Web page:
Helping Teachers Teach the News is a project of the Close Up Foundation, a civic education non-profit with 50 years of experience in teaching government, politics, and policy through issue-centered discussions, simulations, and democratic education.
Teaching the news is time-consuming and complicated; by the time you are able to find and process important issues and identify how to teach them, they are old news. This site will be updated frequently with links to classroom-ready news items, relevant context, and suggested teaching activities and discussion questions.
Democratic Candidate Highlights: Part 1—The Early Announcers
June 05, 2019
The 2020 United States Presidential election is on Tuesday, November 3, and there are 20+ Democrats who have announced their campaign to run. As promised in our earlier post (found here), this post will be the first of several where we take a closer look at a few candidates—who they are and their stances are on […]Read More >
Should Washington, DC Become a State?
May 29, 2019
If you visit Washington, DC, one of the things you may notice is the license plates on local vehicles. While the inhabitants of the District of Columbia pay federal taxes, they do not have voting representation in Congress – just one delegate whose votes do not count. So since 2000, after approval by the Mayor […]Read More >
Trade War: What Is It Good For?
May 14, 2019
This past Friday, President Trump announced a new round of tariffs on $200 billion dollars’ worth of goods from China, increasing the rate from 10% to 25%. On Sunday, China announced retaliatory tariffs on $60 billion dollars’ worth of US goods increasing to a rate of 20-25%.1 The so-called ‘trade war’ between the US and […]Read More >
A Flood of Democratic Candidates
April 30, 2019
The 2020 United States Presidential election is on Tuesday, November 3, 2020 (or 553 days from the publishing of this post) and already there are 21 Democrats who have formally begun their campaigns. Over the next several months, we will take a dive into who the candidates are and what they prioritize. In each candidacy […]Read More >
Should Public College Be Free?
April 23, 2019
College has not only gotten expensive, but the cost becomes a burden for years. When graduating an undergraduate program, the average student leaves with over $37,000 in student loan debt. This is a $20,000 increase from 20 years ago. Over 70% of students today graduate with a significant amount of loans with an average of […]Read More >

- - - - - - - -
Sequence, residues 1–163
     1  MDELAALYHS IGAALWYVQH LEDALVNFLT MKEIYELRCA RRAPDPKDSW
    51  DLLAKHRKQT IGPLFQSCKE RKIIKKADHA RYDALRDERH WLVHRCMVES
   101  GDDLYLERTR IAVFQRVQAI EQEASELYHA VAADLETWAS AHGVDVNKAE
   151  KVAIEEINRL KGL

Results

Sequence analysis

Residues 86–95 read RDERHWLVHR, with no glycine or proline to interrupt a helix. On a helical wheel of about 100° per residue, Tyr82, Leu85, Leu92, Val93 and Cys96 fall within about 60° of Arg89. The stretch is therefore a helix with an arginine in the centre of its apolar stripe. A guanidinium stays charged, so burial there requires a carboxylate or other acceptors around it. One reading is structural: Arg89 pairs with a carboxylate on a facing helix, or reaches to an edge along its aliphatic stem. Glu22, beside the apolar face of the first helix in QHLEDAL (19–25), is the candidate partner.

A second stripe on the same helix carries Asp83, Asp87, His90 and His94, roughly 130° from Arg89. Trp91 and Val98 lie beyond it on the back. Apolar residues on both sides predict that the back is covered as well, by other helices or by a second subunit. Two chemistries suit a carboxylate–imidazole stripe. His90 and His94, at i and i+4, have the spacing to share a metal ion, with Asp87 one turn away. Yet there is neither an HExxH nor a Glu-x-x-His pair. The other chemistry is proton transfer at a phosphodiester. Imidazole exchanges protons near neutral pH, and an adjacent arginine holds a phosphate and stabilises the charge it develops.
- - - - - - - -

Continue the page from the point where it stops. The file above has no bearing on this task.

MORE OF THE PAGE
Shifting Debate over Paid Family Leave
April 17, 2019
In the midst of economic policy debates on tariffs and trading gaps, one policy debate has continued for years in many different iterations: Paid Family Leave. This week, the Senate introduced Bill 1174 as a companion bill to the House’s 2019 Federal Employees Paid Leave Act. Both bills support 12 weeks of paid leave for federal […]Read More >
Should the US designate an official language?
March 26, 2019
The United States is one of a few nations in the world to have no official language designated. While the Constitution gives no reasoning for this, many reasons have been suggested by experts. Several bills have been introduced in Congress to designate English as the national language, but none have ever been successfully passed into […]Read More >
Should the Federal Government Legalize Marijuana?
March 19, 2019
On Feb. 28, the day he introduced the Marijuana Justice Act, (S.597) Senator Cory Booker (D-NJ) tweeted, “The failed War on Drugs has really been a war on people—disproportionately criminalizing poor people, people of color & people with mental illness. I’m reintroducing the #MarijuanaJustice Act to begin reversing our failed federal drug policies.” The views expressed by Sen. Booker […]Read More >
The End of the Draft?
March 12, 2019
Last month, a federal judge in Texas ruled that an all-male draft is unconstitutional.1Current laws demand that all males must register for Selective Service within 30 days of their 18th birthday, or face prosecution, fines and prison time. If an American male over 18 is not registered, he is not eligible for federal student aid, cannot […]Read More >
Who counts in America?
March 05, 2019
Every ten years, the federal government conducts a census to count people residing in the United States. The information gathered helps the federal, state, and local governments plan and create public policy, identifies regional and national trends, and, most importantly, is used in apportioning seats in the U.S. House of Representatives. As the U.S. population […]Read More >